Trust me. It’s been done before and better

I often get frustrated with what I see in fitness the past few years. Ideas and concepts we threw out years ago for being ineffective, injurious, or just old school idiotic find themselves thrust into our face again and again online and in the fitness mags.

Remember Pat Matzdorf? Well, you should. He discovered some “secret” Eastern Bloc training methods including one called “Depth Jumping.” In 1971, he broke the World Record in the High Jump…you HAVE to remember this right?…with a leap of 7’3.” The Track and Field World began leaping off boxes, steps and bleachers to all increase your spring. 1971pmadford

Even though Fred Wilt called these jumps “Plyometrics,” one can find references all over the place discussing Shock methods long before Matzdorf. There were some warning, some caveats, before tossing these haphazardly into your training. Some argued that you need a double bodyweight back squat BEFORE you get any value from these movements. Don Chu (1998) recommends that you should handle 50 repetitions in the squat with 60% of bodyweight before doing plyometrics. (A set of 50 with 60% of bodyweight is NOT that hard. But do it. Eat a lot of fiber tonight.)

Oh, and one little thing that I have observed (and I am fully prepared to be wrong): you get to really use these ONCE in your career. What I mean is this: when you start using them, whatever increases you get are all you will ever get from shock training or plyos. Like sport specificity and isometrics, it helps. But, it only helps once. Of course, it works: For elite athletes who squat double bodyweight.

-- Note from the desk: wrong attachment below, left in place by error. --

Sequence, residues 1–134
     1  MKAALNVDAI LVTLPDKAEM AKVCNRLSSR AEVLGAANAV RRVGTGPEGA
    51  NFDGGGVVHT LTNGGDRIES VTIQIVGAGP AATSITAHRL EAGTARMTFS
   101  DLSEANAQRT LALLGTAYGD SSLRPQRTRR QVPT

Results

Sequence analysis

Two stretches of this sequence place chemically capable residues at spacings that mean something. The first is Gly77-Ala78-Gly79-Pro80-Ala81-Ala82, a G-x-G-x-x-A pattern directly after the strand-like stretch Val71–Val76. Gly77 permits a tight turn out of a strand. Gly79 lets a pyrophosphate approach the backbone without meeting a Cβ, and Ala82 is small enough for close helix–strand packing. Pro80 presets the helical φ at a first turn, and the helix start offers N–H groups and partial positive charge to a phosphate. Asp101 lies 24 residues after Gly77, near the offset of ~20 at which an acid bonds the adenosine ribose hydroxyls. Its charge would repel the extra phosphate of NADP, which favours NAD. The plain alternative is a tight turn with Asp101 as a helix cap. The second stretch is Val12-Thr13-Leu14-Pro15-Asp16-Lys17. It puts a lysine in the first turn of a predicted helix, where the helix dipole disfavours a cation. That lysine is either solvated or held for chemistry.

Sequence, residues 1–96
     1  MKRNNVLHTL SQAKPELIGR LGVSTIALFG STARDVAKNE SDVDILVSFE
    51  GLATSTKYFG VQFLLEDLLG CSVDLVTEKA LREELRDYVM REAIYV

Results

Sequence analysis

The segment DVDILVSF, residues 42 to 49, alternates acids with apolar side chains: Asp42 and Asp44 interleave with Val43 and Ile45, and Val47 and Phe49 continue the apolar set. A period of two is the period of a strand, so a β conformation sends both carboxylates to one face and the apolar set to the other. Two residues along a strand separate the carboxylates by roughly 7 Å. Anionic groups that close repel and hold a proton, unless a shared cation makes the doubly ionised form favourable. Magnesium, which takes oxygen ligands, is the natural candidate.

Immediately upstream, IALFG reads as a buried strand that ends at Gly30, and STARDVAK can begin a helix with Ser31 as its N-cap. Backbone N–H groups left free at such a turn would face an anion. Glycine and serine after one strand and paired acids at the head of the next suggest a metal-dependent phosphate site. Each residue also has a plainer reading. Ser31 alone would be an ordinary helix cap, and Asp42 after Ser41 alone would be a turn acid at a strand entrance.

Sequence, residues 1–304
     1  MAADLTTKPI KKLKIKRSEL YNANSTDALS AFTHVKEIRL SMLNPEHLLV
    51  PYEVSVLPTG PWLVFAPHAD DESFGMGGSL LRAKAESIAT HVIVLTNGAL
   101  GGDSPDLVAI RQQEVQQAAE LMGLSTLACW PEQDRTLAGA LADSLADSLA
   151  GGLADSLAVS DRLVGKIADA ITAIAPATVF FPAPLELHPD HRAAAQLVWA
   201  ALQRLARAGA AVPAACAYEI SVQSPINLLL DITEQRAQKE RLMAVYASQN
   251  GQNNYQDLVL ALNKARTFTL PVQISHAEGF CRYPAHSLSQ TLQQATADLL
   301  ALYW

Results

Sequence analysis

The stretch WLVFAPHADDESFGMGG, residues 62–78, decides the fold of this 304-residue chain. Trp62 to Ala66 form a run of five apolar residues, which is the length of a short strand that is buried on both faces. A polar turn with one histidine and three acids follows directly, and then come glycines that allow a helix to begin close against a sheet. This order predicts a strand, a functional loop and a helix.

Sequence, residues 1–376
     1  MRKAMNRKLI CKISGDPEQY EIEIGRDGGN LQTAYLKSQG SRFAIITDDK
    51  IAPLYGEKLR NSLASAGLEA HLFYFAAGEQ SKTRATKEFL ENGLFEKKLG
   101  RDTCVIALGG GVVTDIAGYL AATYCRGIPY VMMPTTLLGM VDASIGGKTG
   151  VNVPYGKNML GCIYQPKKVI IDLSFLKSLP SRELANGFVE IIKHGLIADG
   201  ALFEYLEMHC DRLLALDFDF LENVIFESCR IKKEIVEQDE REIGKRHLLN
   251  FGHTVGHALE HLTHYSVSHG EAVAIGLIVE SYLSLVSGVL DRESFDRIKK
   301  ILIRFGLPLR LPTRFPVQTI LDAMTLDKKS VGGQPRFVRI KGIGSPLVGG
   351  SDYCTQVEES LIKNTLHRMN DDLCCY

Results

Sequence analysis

So, why haven’t you heard of Pat Matzdorf? My senior year at Utah State we had two (TWO!!!!!) teammates jump this world record mark of 7’3.” It wasn’t the shock jumping. It was a genius athlete Dick Fosbury (who also needed modern pads as NOBODY lands in a sawdust pit on the back of their neck), who decided to go over backwards.ihighju001p1

Interval Training was invented, in a sense, after Roger Bannister used it to train for the world’s first sub four-minute mile. Otis Chandler, a Stanford Shot Putter who also took third in the Nationals in weightlifting, proved, once and for all, that lifting made you throw farther. He later became the Publisher of the LA Times. Robert Gajda became Mr. America by circuit training (PHA is what he called it) and John Jessee wrote books throughout the 1960s on training with things like clubbells, Kettlbells, sandbags, and an array of movements that have only been recently invented.

Here is my point: as I type this, people are beginning to argue that much of what you see in gyms today has only been around a decade. It’s the worst kind of ignorance and I usually define ignorance as what we choose to ignore.

Yesterday, Nathan Holiday came out with an excellent blog piece, one I actually enjoyed (here you go for the link) but he included these two lines:

“CrossFit has done more to change the landscape of the health and fitness field than any other athletic movement. If you deny that, you either don’t understand what it is, or your emotions are fueling your opinion.”

At best, as I noted on Facebook, Greg Glassman’s influence in strength and conditioning doesn’t really show up much until about 2003. In my October 2002 edition of Get Up, I have my first mention of Crossfit because I thought this line had great merit:
“Heavy load weight training, short rest between sets, high heart rates, high intensity training, and short rest intervals, though not entirely distinct components, are all associated with a high neuroendocrine response.”

Like most people, I didn’t know what “neuroendocrine” meant so I looked it up and discovered that it was a hormonal response that affected nerves. I had seen this discussed in a book by Phil Maffetone years before, his 1994 work “In Fitness and in Health: Everyone Is an Athlete,” and I still enjoy Maffetone’s system for approaching health, fitness and wellness.